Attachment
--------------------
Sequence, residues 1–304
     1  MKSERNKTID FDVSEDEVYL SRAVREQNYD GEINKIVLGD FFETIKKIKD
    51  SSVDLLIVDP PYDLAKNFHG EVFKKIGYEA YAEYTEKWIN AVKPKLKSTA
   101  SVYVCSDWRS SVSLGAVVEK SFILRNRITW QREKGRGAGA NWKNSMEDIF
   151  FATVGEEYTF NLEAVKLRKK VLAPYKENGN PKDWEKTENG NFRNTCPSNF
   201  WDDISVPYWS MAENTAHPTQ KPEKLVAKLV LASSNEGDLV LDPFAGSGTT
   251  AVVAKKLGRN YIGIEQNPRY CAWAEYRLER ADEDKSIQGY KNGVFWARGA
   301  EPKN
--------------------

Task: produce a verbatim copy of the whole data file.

Sequence, residues 1–304
     1  MKSERNKTID FDVSEDEVYL SRAVREQNYD GEINKIVLGD FFETIKKIKD
    51  SSVDLLIVDP PYDLAKNFHG EVFKKIGYEA YAEYTEKWIN AVKPKLKSTA
   101  SVYVCSDWRS SVSLGAVVEK SFILRNRITW QREKGRGAGA NWKNSMEDIF
   151  FATVGEEYTF NLEAVKLRKK VLAPYKENGN PKDWEKTENG NFRNTCPSNF
   201  WDDISVPYWS MAENTAHPTQ KPEKLVAKLV LASSNEGDLV LDPFAGSGTT
   251  AVVAKKLGRN YIGIEQNPRY CAWAEYRLER ADEDKSIQGY KNGVFWARGA
   301  EPKN